Visiting the dentist


By Kay Conklin - Contributing columnist



Yesterday, I had a capped tooth break off, so now I have to make an appointment to see my dentist and have him look at it to see what needs to be done.

Dental appointments have always seemed to be something no one wants to make. I know I used to be like that, because so many of the people I knew had complained about the pain they had, or were scared of the pain they were sure they would have.

As a kid, my dental appointments all came after major damage had been done, and I would need extensive work by the dentist. I remember my dad telling the dentist to “go ahead and pull the tooth out, because it will have to come out, sooner or later, anyway.” So, by the young age of about 12, I had had several teeth extracted. But when the day came and I was out of high school and working, and had my own paycheck, I started going to a dentist for check-ups. My dental appointments were my responsibility, and they slowed down the loss of any more of my teeth that may have needed work done on them.

I remember when I was in school, a lot of my friends had to have braces. I felt a little left out, because I didn’t get to have them, too. (I didn’t need them because my teeth were straight.) How lucky for me, and at the same time, how stupid I was for wishing I was one of the gang who had braces. That goes for glasses as well. I didn’t need glasses, but all my friends were getting them and I felt a little left out there, too.

Eventually, I ended up with the dentist I have now and have been going there every six months for the past 20 years. He has never once mentioned the word “braces.” So, I never did get to have those braces I wanted so badly. But the day came when he started talking about a partial. How was that going to work? I found out a lot about how they worked when I had to have a second partial, as well. Now I find myself at the place where I have a broken capped tooth and have to have a consultation. What is he going to say? Is there any hope of saving it? Will a new cap be made to replace the tooth that is practically all gone? I don’t want to try to second guess what it will be, so I will have to wait and see.

One thing I do know is that when I was much younger and would see any elderly lady come out from having some type of work done by the dentist, I felt sorry for her. I assumed that she was in a lot of pain and any treatment would have been horrible for her, especially if she was frail. But now that I am older than most of those elderly ladies were then, I have been fortunate to never have been in much pain. I still remember the day I took my mother to a dentist to have the remainder of her upper teeth extracted. This was her last step before being ready for dentures. She was only in her mid-50s at that time. What I remember is that she never complained. She never was a person to complain anyway, but going through what she did, would be grounds for complaining, if there ever was one.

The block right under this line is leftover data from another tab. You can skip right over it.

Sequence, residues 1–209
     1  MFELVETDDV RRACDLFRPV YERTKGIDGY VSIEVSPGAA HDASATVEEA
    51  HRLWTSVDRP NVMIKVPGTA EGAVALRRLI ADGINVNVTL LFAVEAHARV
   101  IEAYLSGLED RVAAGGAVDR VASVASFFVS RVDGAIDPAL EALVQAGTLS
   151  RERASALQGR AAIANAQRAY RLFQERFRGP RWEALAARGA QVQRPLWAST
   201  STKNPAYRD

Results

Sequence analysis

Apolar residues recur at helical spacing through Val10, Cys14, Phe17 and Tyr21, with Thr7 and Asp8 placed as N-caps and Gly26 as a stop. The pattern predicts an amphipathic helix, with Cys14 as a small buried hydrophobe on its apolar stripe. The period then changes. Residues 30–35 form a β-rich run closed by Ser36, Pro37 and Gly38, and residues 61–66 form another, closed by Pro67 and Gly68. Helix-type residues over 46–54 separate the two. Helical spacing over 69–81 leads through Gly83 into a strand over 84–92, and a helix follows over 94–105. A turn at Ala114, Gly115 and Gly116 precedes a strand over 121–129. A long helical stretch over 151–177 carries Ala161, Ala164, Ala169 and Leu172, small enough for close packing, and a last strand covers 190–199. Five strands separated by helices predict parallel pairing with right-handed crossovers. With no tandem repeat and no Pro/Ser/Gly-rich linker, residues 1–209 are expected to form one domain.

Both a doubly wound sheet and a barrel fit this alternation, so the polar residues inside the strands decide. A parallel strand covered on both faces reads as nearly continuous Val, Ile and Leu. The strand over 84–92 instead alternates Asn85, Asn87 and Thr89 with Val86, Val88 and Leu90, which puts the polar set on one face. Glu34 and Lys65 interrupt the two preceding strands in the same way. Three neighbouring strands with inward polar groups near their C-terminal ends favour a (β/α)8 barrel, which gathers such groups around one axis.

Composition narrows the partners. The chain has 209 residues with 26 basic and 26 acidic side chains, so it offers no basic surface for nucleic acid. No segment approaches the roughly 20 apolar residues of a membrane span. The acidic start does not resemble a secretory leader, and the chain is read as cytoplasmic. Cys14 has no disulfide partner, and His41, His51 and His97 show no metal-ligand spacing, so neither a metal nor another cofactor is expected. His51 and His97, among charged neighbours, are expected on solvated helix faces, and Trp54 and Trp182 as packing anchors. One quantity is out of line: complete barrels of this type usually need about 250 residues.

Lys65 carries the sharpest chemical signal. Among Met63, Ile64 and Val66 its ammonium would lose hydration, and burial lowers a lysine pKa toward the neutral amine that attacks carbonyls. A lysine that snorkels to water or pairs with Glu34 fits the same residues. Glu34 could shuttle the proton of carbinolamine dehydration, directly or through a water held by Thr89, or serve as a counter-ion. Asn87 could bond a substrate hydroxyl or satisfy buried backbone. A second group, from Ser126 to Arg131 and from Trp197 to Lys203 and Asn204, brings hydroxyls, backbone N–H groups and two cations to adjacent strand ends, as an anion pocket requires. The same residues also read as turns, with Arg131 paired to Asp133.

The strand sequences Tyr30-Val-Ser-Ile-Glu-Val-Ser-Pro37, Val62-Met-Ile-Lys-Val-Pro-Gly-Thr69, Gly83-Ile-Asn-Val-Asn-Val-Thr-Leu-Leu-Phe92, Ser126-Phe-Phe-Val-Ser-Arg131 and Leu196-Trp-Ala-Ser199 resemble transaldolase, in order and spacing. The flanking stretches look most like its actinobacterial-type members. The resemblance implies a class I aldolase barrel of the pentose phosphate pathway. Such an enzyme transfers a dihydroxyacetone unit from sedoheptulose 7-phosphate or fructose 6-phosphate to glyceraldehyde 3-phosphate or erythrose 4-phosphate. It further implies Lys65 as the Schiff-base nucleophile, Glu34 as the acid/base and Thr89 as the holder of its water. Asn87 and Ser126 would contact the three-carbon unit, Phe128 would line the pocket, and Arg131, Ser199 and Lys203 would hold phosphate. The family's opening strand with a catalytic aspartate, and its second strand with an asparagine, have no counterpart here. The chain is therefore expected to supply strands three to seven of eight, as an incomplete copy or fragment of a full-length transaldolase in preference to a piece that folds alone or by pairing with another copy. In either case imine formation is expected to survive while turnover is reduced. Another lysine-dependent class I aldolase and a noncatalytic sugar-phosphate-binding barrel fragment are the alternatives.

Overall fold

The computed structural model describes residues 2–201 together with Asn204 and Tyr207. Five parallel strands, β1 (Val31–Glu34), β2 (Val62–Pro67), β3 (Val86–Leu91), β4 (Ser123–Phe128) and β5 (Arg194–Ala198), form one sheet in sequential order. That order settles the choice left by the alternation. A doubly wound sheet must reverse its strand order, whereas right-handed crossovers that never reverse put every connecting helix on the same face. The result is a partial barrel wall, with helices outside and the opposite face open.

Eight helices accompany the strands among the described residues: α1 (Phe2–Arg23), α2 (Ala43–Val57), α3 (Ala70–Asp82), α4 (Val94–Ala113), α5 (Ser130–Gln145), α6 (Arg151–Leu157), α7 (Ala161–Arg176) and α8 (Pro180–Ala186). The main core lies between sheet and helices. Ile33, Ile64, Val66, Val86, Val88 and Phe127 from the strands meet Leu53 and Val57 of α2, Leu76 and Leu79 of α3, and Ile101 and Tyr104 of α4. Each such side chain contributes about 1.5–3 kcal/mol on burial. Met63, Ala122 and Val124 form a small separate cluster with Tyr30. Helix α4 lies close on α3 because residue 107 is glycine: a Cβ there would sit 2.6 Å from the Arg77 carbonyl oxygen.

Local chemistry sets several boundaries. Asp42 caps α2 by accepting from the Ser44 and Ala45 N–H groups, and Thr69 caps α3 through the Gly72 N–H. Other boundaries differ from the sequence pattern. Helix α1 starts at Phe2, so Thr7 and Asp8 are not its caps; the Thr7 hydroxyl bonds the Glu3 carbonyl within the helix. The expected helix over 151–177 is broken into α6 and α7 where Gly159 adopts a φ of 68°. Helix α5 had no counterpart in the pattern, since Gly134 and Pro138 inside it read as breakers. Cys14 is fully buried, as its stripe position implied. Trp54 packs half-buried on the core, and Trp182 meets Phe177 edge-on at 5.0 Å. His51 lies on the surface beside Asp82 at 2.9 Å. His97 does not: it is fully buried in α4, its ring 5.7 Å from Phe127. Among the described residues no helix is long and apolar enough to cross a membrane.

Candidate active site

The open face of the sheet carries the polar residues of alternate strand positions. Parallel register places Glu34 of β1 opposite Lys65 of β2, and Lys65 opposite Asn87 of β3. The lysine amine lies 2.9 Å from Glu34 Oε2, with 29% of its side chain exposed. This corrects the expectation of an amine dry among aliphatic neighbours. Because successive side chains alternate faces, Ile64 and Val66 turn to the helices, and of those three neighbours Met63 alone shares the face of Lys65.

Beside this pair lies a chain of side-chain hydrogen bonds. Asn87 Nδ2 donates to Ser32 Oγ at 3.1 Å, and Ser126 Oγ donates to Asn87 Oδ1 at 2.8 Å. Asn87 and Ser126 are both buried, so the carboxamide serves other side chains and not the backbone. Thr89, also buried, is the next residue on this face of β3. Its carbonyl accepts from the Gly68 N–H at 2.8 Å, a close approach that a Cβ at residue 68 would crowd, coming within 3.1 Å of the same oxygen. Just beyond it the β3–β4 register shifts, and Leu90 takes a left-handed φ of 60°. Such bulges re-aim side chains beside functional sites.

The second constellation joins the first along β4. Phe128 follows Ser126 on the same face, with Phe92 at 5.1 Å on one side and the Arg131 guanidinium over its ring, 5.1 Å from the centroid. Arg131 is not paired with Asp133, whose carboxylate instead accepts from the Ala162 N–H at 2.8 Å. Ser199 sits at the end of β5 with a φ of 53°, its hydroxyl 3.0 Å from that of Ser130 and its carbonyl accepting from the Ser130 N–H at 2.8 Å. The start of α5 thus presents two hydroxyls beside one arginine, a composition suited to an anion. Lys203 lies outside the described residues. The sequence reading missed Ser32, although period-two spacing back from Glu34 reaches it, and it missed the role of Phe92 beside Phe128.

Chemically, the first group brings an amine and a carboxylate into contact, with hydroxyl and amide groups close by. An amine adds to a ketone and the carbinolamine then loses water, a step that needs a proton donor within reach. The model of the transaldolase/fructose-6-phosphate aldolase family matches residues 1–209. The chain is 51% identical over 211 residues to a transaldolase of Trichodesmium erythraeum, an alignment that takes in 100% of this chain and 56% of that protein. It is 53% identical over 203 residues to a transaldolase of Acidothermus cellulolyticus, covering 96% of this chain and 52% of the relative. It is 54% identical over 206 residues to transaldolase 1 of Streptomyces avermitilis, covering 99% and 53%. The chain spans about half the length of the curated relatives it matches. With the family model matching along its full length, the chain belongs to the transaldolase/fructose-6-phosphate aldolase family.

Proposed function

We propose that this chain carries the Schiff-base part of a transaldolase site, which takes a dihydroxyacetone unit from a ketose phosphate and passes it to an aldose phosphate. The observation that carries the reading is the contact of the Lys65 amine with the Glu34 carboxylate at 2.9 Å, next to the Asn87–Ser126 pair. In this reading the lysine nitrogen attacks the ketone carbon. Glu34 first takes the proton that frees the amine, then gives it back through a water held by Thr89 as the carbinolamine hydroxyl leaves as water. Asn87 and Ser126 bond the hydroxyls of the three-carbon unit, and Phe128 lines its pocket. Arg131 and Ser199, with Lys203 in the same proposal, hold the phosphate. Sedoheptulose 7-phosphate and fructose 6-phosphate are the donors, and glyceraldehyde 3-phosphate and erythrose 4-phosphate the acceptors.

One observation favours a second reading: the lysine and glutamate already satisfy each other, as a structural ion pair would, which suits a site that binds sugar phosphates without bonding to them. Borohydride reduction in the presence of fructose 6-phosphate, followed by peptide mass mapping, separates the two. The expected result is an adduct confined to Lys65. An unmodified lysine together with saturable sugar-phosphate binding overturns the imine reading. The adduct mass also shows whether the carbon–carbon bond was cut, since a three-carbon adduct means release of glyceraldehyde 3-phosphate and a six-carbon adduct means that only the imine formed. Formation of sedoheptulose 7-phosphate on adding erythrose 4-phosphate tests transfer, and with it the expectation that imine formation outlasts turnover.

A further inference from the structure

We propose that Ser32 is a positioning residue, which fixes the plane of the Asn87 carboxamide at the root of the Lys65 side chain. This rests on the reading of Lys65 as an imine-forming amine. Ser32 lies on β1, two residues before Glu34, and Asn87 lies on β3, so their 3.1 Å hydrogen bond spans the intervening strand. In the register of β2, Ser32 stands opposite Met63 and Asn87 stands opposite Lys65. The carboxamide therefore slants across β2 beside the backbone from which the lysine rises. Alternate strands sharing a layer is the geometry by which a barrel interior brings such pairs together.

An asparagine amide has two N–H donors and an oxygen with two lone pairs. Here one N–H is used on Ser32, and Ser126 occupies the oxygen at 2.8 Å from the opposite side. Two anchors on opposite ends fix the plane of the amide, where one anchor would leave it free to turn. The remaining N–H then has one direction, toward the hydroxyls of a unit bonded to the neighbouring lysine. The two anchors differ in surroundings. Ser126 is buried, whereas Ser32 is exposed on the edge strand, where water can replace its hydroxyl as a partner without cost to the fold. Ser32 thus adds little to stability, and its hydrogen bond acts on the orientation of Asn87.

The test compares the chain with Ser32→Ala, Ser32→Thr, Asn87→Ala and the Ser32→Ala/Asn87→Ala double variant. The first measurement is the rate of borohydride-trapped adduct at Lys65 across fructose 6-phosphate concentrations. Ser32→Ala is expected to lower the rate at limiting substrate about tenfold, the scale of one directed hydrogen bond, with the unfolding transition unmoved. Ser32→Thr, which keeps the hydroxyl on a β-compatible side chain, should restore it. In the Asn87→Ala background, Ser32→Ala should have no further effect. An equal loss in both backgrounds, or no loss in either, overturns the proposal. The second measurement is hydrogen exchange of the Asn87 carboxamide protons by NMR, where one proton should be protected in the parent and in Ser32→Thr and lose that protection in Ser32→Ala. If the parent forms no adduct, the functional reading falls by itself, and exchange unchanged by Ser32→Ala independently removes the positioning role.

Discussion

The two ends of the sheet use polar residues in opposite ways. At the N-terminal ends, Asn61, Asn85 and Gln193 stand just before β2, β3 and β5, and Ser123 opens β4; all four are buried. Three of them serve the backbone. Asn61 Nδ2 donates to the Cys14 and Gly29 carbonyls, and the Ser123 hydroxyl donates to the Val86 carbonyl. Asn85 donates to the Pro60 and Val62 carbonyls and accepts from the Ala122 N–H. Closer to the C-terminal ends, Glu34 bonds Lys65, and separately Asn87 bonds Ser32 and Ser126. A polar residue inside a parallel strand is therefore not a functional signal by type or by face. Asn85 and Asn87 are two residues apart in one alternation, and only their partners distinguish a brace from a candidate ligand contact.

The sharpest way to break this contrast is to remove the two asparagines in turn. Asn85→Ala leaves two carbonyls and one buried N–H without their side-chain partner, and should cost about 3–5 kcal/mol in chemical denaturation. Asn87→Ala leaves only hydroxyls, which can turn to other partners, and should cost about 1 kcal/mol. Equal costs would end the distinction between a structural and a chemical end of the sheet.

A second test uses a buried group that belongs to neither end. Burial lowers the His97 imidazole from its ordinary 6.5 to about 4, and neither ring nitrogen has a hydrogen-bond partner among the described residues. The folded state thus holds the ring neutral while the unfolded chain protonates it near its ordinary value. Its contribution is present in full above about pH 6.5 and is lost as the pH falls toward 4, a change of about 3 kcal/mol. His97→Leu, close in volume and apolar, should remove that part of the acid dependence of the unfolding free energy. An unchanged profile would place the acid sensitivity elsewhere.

Since it was late in the afternoon when we got back home, I was wondering what we were going to do about supper, because at that time there were six of us in the house to be fed. But she went right to the kitchen, put on her apron and had supper on the table as soon as our dad got home from work. No one would ever guess what she had been through just a couple of hours earlier. Sitting here now, with a large part of one of my teeth in a small plastic container on my desk, is nothing like what she went through. As I pick up the container and take a closer look at the piece of tooth with the cap, I see that maybe, just maybe, there is a chance that it could be glued back in place. But, as I look a little bit closer, I guess for that to happen, my dentist would have to be a magician.

Paying dental bills is usually a big problem for someone who has no dental insurance. And in some situations, people who have insurance find that they are still having to pay a large part of the bill, since some dental insurances don’t seem to pay very much. Once I figured out that since I didn’t have dental insurance during my earlier years, I have spent in excess of $7,000 of my own money on dental bills. How much in excess, I don’t even want to know. Ironically, not too long ago, when George and I were having lunch with a friend and were talking about our teeth, the friend said to me that I should just have all my teeth pulled out and get it over with. I don’t want to do that. Not after all the money I have already spent for my past care. So, I’m ready for the news, good or bad. Knowing that after the consultation, I will probably have to wait a period of time before it can be taken care of, means I won’t get to have it done until after this article is sent to the newspaper. So, I will hold the thought that whatever the diagnosis turns out to be, it will be a good one. Wish me luck!

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By Kay Conklin

Contributing columnist

Kay E. Conklin is a retired Delaware County recorder who served four terms. She graduated from Ohio Wesleyan University with a degree in sociology and anthropology.

Kay E. Conklin is a retired Delaware County recorder who served four terms. She graduated from Ohio Wesleyan University with a degree in sociology and anthropology.